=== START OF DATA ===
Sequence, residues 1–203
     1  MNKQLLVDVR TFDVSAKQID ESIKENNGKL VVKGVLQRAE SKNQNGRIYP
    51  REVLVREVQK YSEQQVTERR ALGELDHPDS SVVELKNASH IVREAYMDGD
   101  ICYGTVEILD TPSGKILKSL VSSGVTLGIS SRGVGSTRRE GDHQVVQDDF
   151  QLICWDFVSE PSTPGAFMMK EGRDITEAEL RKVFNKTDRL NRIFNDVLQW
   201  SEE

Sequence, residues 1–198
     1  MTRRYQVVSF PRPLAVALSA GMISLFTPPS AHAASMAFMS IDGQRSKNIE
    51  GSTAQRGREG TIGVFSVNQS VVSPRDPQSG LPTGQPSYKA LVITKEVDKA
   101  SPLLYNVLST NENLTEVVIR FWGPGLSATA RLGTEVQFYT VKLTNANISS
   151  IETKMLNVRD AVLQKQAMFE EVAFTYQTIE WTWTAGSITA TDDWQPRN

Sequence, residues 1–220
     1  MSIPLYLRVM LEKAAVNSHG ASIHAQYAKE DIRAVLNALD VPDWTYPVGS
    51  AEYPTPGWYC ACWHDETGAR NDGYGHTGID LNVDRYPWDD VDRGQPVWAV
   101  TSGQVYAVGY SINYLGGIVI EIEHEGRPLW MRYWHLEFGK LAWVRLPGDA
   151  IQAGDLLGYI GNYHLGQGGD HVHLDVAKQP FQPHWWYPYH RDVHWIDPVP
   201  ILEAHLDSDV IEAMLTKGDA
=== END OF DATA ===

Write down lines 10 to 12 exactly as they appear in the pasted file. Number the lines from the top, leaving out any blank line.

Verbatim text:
   101  SPLLYNVLST NENLTEVVIR FWGPGLSATA RLGTEVQFYT VKLTNANISS
   151  IETKMLNVRD AVLQKQAMFE EVAFTYQTIE WTWTAGSITA TDDWQPRN

Sequence, residues 1–220